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How to Coach your Cognitive Assistant

Loizos Michael ( Open University of Cyprus )

During the dialectical process of human-human communication, a common assumption of a shared knowledge representation and reasoning structure would seem to underlie the efficient transfer of knowledge between interlocutors. We posit that a paradigm of “machine coaching” that explicates this shared structure would analogously facilitate human-machine interaction, especially in the context of designing personalized cognitive assistants for certain tasks. During a machine coaching session, a human communicates with a machine that seeks to learn and apply the human’s policy for a task, with the human asking the machine to explain its actions and inferences, while offering to the machine feedback to help it improve its approximation of the human’s target policy. We present a general framework for the design of machine coaching protocols that utilize formal argumentation for communication, and demonstrate a concrete protocol for which we can establish learning-theoretic guarantees on its efficacy and efficiency.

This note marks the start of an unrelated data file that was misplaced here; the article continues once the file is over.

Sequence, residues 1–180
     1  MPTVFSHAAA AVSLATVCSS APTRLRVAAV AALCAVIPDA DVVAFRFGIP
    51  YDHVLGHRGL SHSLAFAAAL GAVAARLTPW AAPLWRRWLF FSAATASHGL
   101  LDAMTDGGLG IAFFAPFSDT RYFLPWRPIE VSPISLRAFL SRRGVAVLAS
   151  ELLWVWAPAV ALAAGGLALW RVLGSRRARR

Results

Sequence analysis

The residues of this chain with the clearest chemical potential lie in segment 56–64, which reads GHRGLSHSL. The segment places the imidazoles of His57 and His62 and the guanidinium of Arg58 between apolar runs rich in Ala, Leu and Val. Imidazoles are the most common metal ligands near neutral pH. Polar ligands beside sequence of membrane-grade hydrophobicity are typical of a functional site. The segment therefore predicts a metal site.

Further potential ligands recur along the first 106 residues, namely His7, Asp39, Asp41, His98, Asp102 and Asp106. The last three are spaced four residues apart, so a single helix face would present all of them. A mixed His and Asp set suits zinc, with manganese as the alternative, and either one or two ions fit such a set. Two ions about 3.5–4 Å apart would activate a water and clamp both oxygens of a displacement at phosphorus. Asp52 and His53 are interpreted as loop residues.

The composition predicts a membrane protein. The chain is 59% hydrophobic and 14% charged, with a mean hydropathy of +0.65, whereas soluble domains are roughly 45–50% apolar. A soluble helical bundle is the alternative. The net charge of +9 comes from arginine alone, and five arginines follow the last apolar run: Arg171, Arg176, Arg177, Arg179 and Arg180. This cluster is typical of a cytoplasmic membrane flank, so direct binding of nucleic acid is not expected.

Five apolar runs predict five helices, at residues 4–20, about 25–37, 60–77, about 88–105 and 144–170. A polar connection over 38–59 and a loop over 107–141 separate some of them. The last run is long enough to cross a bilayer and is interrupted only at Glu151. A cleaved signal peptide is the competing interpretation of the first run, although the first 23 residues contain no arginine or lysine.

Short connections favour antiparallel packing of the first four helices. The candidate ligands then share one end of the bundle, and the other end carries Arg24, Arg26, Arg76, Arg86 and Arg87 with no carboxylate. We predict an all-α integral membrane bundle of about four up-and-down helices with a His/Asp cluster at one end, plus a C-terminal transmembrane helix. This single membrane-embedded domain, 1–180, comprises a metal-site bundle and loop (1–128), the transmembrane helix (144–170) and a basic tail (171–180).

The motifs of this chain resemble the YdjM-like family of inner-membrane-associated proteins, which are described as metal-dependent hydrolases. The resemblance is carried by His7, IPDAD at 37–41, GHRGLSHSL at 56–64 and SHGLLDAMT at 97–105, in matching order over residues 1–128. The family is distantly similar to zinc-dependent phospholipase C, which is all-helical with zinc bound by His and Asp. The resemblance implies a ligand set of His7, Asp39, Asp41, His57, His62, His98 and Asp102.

Speaker bio

Loizos Michael is an Assistant Professor at Open University of Cyprus, where he founded and directs the Computational Cognition Lab. He was educated at University of Cyprus, where he received a B.Sc. in Computer Science with a minor degree in Mathematics. He continued his education at Harvard University, where he received an M.Sc. and a Ph.D. in Computer Science.

His research focuses on the principled study of cognitive processes associated with individual or collective intelligence — such as learning, reasoning, sensing, communication, cooperation — and how those are used by humans and other organisms in everyday life. Emphasis is placed on the development of computational models for various aspects of cognitive processes, and the analysis of the formal implications that such models have. This computational view of cognition is complemented by simulations, real‐world experiments, and psychological studies, designed to validate the proposed models and to identify features thereof that warrant further study.

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